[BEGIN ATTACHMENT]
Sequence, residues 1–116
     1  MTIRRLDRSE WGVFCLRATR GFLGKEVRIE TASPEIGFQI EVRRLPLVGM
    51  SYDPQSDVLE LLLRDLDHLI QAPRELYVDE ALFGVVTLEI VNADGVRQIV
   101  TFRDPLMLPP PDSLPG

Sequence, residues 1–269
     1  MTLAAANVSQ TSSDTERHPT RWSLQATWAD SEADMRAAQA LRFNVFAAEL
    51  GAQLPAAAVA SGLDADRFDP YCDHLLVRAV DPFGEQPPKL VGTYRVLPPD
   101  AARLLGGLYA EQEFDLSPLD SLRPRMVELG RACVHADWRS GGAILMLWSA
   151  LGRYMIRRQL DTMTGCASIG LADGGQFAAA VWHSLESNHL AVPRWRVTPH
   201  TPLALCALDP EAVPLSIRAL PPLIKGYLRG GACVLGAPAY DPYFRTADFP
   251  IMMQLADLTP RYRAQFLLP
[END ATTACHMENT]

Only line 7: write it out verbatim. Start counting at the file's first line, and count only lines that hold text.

    51  GAQLPAAAVA SGLDADRFDP YCDHLLVRAV DPFGEQPPKL VGTYRVLPPD